dense, manic outbursts separated by nervously quiet interludes, both
rendered in vivid colors."
"There were compelling
elements in a Jason Eckardt's virtuosic piano works. For one thing, the
lyrical episodes had a certain freshness, the dissonances subtly molded
into interesting phrases."
25-minute work...began brilliantly, with an overdriven, virtuosic
clarinet line.... Gradually the spotlight moved to combinations of
strings, flute and clarinet, percussion and piano, sometimes in
opposing groups, sometimes in close-knit counterpoint, and sometimes
collaborating on eerily striking sound effects. Particularly affecting
were a haunting slow section, in the middle of the work, and the
pointillistic final section that emerged from it."
amplified wind quartet '16' (2003), [is] a compelling selection more
vibrant than a hive full of honeybees in mid sugar rush. It's a
pleasure to report that all its jittery energy and pervasive use of
extended techniques is imaginatively harnessed in service to a sturdy
binary structure outlining two large crescendos."
an intelligent, erudite composer who knows and sees a great deal."
"Jason Eckardt (b.
1971) is the youngest composer here who relates to the so-called "New
Complexity school", and his music has many affinities with that of
Ferneyhough, Finnissy or Dillon. His 'Echoes' White Veil' is a fairly
complex and technically taxing piece of music. It falls roughly into
two sections : the opening section is, to say the least, hyperactive
and ends with a long-reverberating chord followed by a long pause. The
second section is somewhat calmer, the music more rarefied with many
silences though with huge dynamic contrasts. The piece is written
without bar-lines and has some improvisatory character, the whole
giving the impression of a restless, sometimes violent burst of
creative energy. The music is again very taxing and [pianist] Marilyn
Nonken rightly remarks that 'the effort required to play the piece is
an integral part of its aesthetic'. Quite an impressive achievement in
its own right."
"The piece on
["American Spiritual"] that conveys most strenuously a quality of
immediacy and improvisation is Eckardt's 'Echoes' White Veil,' whose
title implies some of its dream-like, tentative and mystical nature,
but none of its athletic jumpiness and palpable intricacies."
"Mr. Eckardt is young
and striving hard for ambitious time-warp effects."
'Echoes' White Veil' (1996), for solo piano, was filled with a tumult
of sound and fury in its outer two sections, but its slow middle part
was static, bare, and void of activity. This often-demanding piece was
played intensely and with flair by John McGinn, who brought out its
brilliant, mercurial writing to dazzling effect."
"Eckardt's music has an
agile, organic energy coupled with a finely-judged sense of balance
between small-scale details. The instrumental virtuosity of the
improviser is also of major importance - witness the thrilling
pyrotechnics of 'Tangled Loops', a jazzy seven-minute accompanied
cadenza for saxophone. These pieces call for very little repose, on the
part of either performer or listener; a good deal more atonal than most
jazz, the works nonetheless have a brightly kinetic appeal in common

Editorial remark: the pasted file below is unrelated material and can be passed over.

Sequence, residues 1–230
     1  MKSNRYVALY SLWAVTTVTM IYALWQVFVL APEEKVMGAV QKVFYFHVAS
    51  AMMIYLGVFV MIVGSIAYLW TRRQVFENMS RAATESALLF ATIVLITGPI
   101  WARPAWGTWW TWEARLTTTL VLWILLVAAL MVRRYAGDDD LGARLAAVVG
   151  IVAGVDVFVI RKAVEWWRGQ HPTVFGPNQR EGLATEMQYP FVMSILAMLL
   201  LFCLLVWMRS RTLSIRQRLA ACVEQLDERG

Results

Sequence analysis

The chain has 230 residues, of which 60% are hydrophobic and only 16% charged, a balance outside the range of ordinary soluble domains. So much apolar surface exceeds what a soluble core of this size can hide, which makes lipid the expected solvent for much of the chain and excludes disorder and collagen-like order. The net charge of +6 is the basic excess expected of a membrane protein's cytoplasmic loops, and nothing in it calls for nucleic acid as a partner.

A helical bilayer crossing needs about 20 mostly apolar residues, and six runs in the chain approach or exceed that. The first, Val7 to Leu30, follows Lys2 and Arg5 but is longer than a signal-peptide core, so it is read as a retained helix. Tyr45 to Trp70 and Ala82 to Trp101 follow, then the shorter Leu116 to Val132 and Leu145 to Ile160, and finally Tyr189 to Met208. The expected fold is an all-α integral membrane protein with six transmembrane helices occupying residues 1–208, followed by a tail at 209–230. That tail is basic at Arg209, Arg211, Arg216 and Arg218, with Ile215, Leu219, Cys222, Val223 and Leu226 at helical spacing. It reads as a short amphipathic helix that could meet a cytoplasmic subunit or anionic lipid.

with the best improvised music, and are both enjoyable and ultimately
rewarding of close attention"
"Jason Eckardt created
intricate piano explosions to echo the virtuosic fireworks described in
[Les Murray's] "Performance."
'Tangled Loops' was a brilliant piece on the program. This was more of
an ensemble piece, rather than a saxophone solo with piano. The work's
perpetual motion continued without much of a break until the end.
Thematic ideas were well nigh incessantly bounced around between the
players. Despite having little that could be distinguishable as a
melodic line, the listener could get a sense of that the ideas and
motives introduced towards the beginning repeat throughout the work,
but in no obvious manner. Combining this aspect with the wide range and
leaps in instrumental parts made for a very appealing work."
"In the outer portions
of Eckardt's 'Echoes' White Veil' (1996), an essay in nervous energy,
long lines are thickened rather than accompanied or punctuated by
occasional chords and countermelodies. In the slower middle section,
fiercely dissonant pileups of notes explode in isolated, widely spaced
points in time."
"Despite his post-rock pedigree, Eckardt's rolling
and tumbling style reflects the New Complexity of Ferneyhough,
Finnissy, and Dillon."
"Echoes' White Veil", whose more muscular approach seems to owe more to
Cecil Taylor and Andrew Hill than to Brian Ferneyhough and James
['Multiplicities'] continues the experimental jazz parallel, but a
little more conventional than the Ferneyhough and certainly more
reminiscent of Messiaen and Birtwistle -- natural rhythms and harmonies
seem to loom large in this piece."
Hardink on Saturday night played Jason Eckardt's 10-minute "Echoes'
White Veil." The influence of piano sonatas by Pierre Boulez was
apparent. The music feels like an improvisation, but its sometimes
intricate layers of cross rhythms are carefully notated. Hardink's
performance was brilliant, with vibrant finger work and massive
not be immediately familiar, but [he is] gaining currency, slowly but
"Mr. Eckardt's music
celebrates harmonic prickliness, rhythmic complexity and a density of
ideas, and was not out of step with the style's older defenders, among
them Milton Babbitt and Donald Martino."
"Jason Eckhardt (sic),
a New York composer, has devised 'Multiplicities', an attractive flow
of gentle lines and staccato punctuations."
'Echoes' White Veil' was written for Nonken and dedicated to her. The
piece is a fascinating pastiche of musical echoes. There is a flash of
ragtime, a glimpse of operetta, a smattering of jazz. Nonken danced
through the piece, slipping instantly from one style to another."